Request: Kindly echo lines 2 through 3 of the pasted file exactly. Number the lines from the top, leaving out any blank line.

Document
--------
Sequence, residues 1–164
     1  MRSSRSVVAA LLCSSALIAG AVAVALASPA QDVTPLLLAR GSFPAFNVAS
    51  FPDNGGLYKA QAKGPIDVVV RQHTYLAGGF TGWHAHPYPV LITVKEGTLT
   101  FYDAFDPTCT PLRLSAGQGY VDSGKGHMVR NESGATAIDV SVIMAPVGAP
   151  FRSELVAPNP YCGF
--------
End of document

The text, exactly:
     1  MRSSRSVVAA LLCSSALIAG AVAVALASPA QDVTPLLLAR GSFPAFNVAS
    51  FPDNGGLYKA QAKGPIDVVV RQHTYLAGGF TGWHAHPYPV LITVKEGTLT